The art of dreams: Computer scientist Narmeen Zain teams with dreams for art - GulfToday

The art of dreams: Computer scientist Narmeen Zain teams with dreams for art

Narmeen Zain 2

Shrike with Fruits is a work in oil on canvas.

Muhammad Yusuf, Features Writer

“I think people, places, objects are only as much obedient to their selves as we expect them to be,” says artist Narmeen Zain. She was speaking on the sidelines of the latest exhibition she was taking part in, hosted by Dubai International Art Centre at The H Dubai. “Objects don’t exist in isolation,” she adds. “The links between them are hard for me to put into words, but I know that we overlap more than we are separate. However, there’s a volatility there that I sometimes forget. When I look in a mirror, for example, my face is broken into billions of others. But it is still my face. My work relies on this enmeshment.”

Many of Zain’s paintings begin in dreams, expressed in oils and acrylics. Though bound by language, art for her is something that exists outside its bounds because it can show thoughts that lie too deep for words. She has exhibited in places as far as Dubai and Karachi, Abu Dhabi and Mumbai. She has won awards ever since she was a student in Dubai and she has been Volunteer Art Teacher at Senses Residential and Day Care for Special Needs, Dubai. She went for higher studies to the UK (in the tech field) and is currently in Dubai, where she spoke to Gulf Today

Does your engineering side – you are a computer scientist – interfere with your work as an artist or does it help the aesthetics? 

I find that the skills required for different fields can often be laterally applicable. Any kind of problem solving demands some measure of creativity, but programming is especially comparable to art in that it is also a form of creation. To answer your question, I don’t think being proficient in another discipline could ever really be harmful. It just gives me a different way to see the world. In this sense it affects my art, because it affects me. My work is the way it is because of who I am. 

  Man with Harmonica, an acrylic on canvas composition.

There seems to be Dali, Picasso and Van Gogh in your works. Will you agree? 

As a child first learning to paint, coming across these artists was unavoidable. I will admit that I was struck by Dali’s concepts, by Picasso’s boldness and by the tenderness I saw in Van Gogh’s works. It seems inevitable now that parts of them have leaked into my own process. If you see them there, I am grateful. But it was not necessarily an intentional choice!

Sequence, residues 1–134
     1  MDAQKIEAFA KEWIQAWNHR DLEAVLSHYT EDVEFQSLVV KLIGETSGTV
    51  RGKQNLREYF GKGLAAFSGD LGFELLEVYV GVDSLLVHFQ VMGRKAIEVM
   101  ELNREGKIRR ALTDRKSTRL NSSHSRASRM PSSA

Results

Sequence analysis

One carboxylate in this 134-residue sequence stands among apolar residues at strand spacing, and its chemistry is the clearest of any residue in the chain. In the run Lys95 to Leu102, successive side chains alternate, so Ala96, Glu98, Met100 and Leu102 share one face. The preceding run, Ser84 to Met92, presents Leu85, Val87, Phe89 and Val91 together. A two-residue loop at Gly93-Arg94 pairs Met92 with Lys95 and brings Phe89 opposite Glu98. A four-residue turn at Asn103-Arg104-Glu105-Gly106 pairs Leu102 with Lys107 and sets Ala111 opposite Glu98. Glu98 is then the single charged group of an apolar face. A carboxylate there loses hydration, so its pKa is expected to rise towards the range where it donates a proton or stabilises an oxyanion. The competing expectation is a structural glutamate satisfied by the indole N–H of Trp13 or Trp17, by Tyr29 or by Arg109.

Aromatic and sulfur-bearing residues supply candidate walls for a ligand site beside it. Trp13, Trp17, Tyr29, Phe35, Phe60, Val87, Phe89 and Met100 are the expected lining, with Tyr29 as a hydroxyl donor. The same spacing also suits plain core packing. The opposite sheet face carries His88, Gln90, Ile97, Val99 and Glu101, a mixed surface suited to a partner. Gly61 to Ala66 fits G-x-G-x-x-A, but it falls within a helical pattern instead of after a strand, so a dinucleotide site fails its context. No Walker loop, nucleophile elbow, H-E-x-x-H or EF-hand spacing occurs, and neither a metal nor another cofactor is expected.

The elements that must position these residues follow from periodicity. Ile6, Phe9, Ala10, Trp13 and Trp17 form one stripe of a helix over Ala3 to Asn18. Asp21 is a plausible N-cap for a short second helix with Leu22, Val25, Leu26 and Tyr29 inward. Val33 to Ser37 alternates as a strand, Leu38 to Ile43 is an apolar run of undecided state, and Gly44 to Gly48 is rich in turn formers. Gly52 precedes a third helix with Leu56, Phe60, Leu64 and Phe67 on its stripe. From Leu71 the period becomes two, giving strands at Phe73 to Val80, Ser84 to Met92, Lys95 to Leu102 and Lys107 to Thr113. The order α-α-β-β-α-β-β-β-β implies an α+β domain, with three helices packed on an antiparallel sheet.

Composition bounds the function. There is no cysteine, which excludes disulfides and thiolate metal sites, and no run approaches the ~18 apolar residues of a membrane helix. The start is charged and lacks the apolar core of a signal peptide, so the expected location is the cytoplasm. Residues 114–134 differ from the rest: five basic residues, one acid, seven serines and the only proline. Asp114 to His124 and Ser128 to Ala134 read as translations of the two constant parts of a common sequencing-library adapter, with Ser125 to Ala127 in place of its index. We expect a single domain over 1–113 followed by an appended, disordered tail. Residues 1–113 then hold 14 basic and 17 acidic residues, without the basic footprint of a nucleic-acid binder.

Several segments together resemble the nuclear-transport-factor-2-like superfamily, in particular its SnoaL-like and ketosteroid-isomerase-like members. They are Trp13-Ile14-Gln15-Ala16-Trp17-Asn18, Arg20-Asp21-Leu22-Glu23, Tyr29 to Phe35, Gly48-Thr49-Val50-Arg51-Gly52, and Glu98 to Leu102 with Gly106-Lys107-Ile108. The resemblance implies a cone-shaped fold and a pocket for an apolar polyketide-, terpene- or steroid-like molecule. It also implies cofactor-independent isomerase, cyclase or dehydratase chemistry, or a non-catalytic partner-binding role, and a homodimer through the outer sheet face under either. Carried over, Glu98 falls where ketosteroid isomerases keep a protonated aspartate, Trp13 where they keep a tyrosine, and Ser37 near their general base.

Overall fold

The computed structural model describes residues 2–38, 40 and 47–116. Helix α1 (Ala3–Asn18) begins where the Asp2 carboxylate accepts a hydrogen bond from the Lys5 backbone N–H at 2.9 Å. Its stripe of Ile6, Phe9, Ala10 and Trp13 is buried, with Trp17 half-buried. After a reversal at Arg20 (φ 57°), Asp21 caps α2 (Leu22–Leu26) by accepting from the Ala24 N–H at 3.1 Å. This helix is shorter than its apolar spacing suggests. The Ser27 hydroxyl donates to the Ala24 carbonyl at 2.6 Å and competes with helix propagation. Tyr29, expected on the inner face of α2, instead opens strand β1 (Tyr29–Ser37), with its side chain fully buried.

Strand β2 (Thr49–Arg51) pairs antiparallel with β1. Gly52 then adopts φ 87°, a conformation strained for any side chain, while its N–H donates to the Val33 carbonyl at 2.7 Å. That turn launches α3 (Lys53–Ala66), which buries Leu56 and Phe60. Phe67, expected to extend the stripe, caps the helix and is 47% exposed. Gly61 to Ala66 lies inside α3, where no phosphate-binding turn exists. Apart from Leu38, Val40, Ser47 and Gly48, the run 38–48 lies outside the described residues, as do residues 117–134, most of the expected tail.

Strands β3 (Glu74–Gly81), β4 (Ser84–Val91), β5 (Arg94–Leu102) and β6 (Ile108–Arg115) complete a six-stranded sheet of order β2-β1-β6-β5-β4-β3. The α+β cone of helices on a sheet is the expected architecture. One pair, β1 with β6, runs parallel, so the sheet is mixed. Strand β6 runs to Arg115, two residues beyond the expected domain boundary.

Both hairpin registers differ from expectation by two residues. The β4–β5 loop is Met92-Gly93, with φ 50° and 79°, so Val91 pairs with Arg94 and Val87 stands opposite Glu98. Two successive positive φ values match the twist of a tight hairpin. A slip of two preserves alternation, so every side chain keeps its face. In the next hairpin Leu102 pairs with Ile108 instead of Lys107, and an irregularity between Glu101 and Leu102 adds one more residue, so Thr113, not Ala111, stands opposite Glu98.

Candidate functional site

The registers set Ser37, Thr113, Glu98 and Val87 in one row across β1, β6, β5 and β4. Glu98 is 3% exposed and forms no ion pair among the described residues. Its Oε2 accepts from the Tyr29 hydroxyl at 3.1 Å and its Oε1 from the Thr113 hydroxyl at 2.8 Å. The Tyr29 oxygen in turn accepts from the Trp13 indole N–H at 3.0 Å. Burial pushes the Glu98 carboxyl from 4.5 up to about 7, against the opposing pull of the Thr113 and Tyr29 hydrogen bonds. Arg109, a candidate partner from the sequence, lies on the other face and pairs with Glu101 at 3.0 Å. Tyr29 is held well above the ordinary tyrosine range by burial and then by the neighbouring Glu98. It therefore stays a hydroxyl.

You use colour profoundly. Why are your artworks saturated with colour? 

Colours are not just colours. They carry the weight of all their connotations and are just as essential an element as the subject. They evoke emotion. They continue the story. The colour is there because it has to be. 

Has Freud – who famously interpreted dreams – influenced your work? 

Very close! I relate a little more with the Jungian interpretations of dreams. The difference is that Freud would see a dream as a covering of a hidden meaning, whereas Jung would say dreams are what uncover the unconscious. The assumption was that the personality is striving towards fulfillment and through dreams, your unconscious mind shares some element that is essential to your growth. I’m not sure how wholly I subscribe to this, but another phrase that stuck with me was Yeats’ “in dreams begin responsibilities.” Perhaps he was right. 

Who are the artists, living or dead, who fascinate you? Why? 

This is a tough question. I’ll try to condense the list. Some contemporary artists I really admire are Sun Yuan and Peng Yu, who make large, challenging work, often incorporating technology to cast criticism on political constructs and how they’re exercised. Louise Bourgeois and Felix Gonzalez-Torres make sculptures and installation pieces, drawing on their individual memories and experiences. I will add Jean-Michel Basquiat’s neo-expressionist portraits and Sophia Narett’s embroidered scenes to the list and also the quiet, hidden sadness in Jasper Johns’ pieces and Li Shan Chong’s simple but honest, expressive work. 

Narmeen Zain 3  Narmeen Zain beside her work Man with Antlers.

How do you find the effective titles for your works? 

This is the easiest part! I just name it after the most obvious elements. Any additional details seem superfluous. The intent here is to invite an audience to apply their own interpretation rather than feeding it to them through an overly-fanciful title. 

You say you are a devoted reader. Which are the books that have impacted you? 

There are several. The most obvious might be Henri Bergson’s Matter and Memory, which almost forced me to think differently about perception and time. I have always liked how Kafka explores real, serious themes through surrealist concepts. His stark writing style makes his surrealist elements feel concrete and unapologetic. In this sense, he reminds me of Dali. One of my favourites of his is an unfinished book, The Castle. I’m also a big fan of Banana Yoshimoto, especially Kitchen. Her work is earnest and gentle. 

How have Pakistan, where you hail from, the UAE, from where you learnt the principles of art making and the USA, where you have lived, affected you as an artist? 

I think having lived in different countries throughout my life and being of mixed ethnicity have made it difficult for me to associate with just one place or identity. It forces me to think of home as an ephemeral concept rather than a physical location. So I live inside my memories and experiences instead. 

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